• How do our customers perceive our brand?
  • Is this how we want to be perceived?
  • From where do customer misperceptions stem?
  • Are we effectively communicating our brand positioning?
  • What problems or challenges does our brand solve?
  • What do our customers think of our competitors?

Promotion

Brand promotion includes all the ways you introduce, engage, entice, and motivate customers to connect with your brand and choose your offerings over others.

Brand promotion is very different from product promotion, in that the goal of brand promotion is to build a long-lasting relationship, rather than merely encouraging a short-lived transaction.

The communication channels you use, the online and real-world experiences you provide, the touchpoints you create, and the visibility you have all play an important role in brand promotion. It’s not only the where, when, and why, but also the how often.

The right brand promotion strategy places your brand in the right place at the right time and in the right context for customers.

When working on your brand promotion consider the following questions:

  • What is our current brand awareness?
  • How are we currently promoting our brand?
  • What are our communication channels?
  • When do our customers need us?
  • Where do our customers find us?
  • How do we get our brand in front of more customers?
  • Do we have brand ambassadors, and are they the right fit?

How to Build Your Brand Pillars

Brand Pillars - How to Build Your Brand Pillars - Ignyte Brands
As mentioned earlier, brand pillars contain crucial information that get to the heart of your brand and all of the aspects that make it unique.

Below, we’ve outlined steps that will help you build strong brand pillars able to withstand turbulent markets and consumer capriciousness. After all, it’s only when you know who you are as a brand, that you’re able to successfully communicate it to the world.

Step 1: Conduct Research

We’ve said it before, and we’ll continue to say it in perpetuity: all important branding efforts begin with research.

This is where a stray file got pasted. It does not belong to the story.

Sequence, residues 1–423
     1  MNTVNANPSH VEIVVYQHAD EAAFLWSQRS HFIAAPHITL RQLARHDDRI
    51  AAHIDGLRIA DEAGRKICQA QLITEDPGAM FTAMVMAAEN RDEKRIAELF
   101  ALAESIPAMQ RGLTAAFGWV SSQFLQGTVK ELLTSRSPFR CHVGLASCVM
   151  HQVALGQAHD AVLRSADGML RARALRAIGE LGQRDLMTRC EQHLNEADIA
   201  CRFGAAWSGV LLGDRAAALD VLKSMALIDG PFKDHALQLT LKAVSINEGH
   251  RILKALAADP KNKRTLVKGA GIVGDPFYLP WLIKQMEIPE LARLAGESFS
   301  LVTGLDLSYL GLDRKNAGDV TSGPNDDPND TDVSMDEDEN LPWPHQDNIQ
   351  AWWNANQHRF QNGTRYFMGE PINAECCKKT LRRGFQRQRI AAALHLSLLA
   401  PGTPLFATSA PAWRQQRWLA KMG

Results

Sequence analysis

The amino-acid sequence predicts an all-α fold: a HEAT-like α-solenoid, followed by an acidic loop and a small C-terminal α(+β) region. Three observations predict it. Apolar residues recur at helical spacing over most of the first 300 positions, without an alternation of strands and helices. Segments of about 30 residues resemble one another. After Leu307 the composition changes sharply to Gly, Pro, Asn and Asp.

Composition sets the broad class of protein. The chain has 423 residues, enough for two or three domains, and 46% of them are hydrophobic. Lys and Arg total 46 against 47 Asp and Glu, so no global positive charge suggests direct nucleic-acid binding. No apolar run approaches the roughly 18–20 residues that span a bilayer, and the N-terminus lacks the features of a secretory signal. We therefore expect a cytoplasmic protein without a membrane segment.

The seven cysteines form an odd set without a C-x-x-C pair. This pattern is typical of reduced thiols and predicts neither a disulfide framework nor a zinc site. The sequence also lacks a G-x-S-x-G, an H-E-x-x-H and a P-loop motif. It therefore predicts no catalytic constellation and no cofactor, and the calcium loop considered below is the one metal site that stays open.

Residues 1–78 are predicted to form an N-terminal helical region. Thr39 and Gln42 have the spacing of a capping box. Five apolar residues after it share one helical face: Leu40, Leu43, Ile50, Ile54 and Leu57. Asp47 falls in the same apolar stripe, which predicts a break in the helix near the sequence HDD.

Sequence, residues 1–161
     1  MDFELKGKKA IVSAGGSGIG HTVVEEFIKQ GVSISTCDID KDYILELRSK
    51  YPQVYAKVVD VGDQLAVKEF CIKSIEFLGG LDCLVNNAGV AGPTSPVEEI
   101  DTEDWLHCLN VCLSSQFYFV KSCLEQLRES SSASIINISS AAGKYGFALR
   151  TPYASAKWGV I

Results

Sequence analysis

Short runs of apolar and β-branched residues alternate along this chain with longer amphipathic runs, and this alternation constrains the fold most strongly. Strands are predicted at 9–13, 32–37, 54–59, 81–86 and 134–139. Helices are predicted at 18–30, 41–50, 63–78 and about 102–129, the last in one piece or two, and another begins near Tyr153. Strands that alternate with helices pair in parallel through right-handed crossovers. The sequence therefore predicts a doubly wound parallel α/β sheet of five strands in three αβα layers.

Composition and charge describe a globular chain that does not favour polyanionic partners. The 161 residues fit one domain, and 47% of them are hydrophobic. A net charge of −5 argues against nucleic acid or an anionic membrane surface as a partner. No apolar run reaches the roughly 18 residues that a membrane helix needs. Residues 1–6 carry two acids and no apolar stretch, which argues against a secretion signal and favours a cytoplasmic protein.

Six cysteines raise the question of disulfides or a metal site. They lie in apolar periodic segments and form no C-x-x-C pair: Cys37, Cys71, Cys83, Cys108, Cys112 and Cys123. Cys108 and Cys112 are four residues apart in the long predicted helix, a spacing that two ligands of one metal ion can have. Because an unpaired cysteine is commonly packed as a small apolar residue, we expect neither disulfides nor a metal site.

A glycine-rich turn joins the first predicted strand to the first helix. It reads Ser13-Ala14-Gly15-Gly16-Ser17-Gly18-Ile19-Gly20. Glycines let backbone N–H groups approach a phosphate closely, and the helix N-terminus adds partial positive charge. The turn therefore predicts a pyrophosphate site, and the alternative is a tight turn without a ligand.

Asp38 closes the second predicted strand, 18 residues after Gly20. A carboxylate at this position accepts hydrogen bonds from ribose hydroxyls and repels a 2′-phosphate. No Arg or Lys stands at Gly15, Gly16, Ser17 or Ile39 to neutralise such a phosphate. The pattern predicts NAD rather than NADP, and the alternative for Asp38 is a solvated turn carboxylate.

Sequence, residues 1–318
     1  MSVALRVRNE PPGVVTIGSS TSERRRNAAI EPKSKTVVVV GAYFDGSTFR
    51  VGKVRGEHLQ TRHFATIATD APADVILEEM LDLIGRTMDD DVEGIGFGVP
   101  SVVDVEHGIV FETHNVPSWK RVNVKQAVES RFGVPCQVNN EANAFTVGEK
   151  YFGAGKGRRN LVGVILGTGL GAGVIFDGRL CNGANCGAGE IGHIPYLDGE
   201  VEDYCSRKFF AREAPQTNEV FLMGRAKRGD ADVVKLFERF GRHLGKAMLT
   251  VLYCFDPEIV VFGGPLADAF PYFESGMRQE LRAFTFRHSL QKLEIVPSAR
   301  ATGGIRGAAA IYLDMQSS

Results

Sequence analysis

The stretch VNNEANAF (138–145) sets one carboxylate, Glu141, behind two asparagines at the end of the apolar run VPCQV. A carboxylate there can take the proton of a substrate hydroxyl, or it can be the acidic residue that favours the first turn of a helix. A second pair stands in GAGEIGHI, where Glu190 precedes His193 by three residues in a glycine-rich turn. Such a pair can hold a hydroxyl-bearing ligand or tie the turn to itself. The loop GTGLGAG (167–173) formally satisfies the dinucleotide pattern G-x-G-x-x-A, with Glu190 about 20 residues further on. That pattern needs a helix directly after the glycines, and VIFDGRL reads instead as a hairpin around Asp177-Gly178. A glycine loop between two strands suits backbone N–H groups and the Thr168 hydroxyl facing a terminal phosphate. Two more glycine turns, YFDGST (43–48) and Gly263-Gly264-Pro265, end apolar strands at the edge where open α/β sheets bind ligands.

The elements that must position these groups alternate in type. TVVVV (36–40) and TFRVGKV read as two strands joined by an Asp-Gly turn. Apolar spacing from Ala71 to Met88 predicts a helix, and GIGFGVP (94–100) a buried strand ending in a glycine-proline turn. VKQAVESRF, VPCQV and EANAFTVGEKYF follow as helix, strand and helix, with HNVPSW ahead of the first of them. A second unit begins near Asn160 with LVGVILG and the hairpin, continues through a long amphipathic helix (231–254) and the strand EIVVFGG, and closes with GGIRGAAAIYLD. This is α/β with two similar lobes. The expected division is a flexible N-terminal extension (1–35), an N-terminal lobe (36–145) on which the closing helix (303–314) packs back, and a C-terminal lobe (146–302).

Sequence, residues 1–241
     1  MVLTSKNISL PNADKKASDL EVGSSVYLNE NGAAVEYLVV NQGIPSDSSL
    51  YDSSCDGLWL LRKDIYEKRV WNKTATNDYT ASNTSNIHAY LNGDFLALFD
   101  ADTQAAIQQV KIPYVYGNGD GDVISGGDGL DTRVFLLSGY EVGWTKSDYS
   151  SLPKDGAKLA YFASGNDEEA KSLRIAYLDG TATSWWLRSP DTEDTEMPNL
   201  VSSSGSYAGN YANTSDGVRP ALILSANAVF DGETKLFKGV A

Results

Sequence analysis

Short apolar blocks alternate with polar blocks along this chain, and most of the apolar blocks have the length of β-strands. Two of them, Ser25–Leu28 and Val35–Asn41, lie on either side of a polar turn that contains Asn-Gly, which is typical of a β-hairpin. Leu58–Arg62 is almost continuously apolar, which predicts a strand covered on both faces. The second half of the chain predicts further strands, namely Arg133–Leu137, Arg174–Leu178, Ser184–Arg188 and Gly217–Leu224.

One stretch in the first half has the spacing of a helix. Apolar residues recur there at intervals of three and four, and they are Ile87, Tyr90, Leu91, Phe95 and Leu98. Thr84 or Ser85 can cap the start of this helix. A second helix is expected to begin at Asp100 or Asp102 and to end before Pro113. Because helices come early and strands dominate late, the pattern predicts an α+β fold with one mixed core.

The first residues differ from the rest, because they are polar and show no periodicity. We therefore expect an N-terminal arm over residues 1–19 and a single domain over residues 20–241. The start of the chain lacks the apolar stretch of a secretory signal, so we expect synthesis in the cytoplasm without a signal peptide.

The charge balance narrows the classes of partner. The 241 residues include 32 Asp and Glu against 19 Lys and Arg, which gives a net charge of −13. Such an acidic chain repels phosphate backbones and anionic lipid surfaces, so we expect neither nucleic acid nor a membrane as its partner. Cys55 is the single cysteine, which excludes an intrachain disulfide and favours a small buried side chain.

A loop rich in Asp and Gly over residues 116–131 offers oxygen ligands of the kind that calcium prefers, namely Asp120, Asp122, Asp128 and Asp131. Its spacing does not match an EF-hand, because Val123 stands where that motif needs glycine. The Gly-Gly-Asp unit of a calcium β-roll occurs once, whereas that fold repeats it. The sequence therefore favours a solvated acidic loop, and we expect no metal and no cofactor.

Before you set pen to pillars, it’s imperative to get situational awareness of your brand through the eyes of others. Research allows you to pinpoint where your brand sits in the hearts and minds of stakeholders, both internal and external.

The goal of brand research is to identify your target audiences and better understand how they experience your brand. It’s equally as important to get a better grasp on how employees, board members, and other internal stakeholders feel about the brand.

By way of a competitive brand audit, research can also give you important insight into how your competitors position themselves, equipping you with the information you need to differentiate your brand in the minds of consumers.

Step 2: Facilitate Workshops

With your research in hand, it’s time to move into strategy. Key to the strategy phase are hands-on workshops to define the ideas that will make up your brand positioning framework.

Your brand positioning framework includes all the information you need for your purpose, positioning, and personality brand pillars—and more. It outlines who you are as a brand, what you stand for, and how you’re different, and should be heavily informed by insights from your research.

In addition to your purpose and personality, your brand positioning framework includes important core messaging like your brand benefits, key differentiators, and brand promise.

Workshop exercises and discussions allow you to and work collectively towards definitions of these key components that your internal stakeholders are aligned on. Remember to ask whether each component addresses the needs and challenges of your customers, as you’ve learned from the research.

Wherever there are misalignments between existing positioning or messaging and customer perceptions, this is the time to correct for them.

Step 3: Update Your Brand Identity

At this point, you’ve better understood existing brand perceptions through research, made the necessary adjustments to positioning, and defined your purpose and personality (along with other important core messaging) in strategic workshops.

The only remaining pillar to address is promotion, but before you can do that, it’s important to ensure that your brand identity is cohesive with the changes you’ve made.

Brand identity includes both visual and verbal identity. Visual brand identity starts with your logo and extends to elements like your color palette, photography, website, and other marketing assets.

Verbal brand identity includes everything from your brand name and tagline to your website copy and social media messaging.

Both components of brand identity should be intimately guided by purpose, positioning, and personality. That’s why it critical to ensure that the look, feel, and sound of your brand is informed by these three pillars.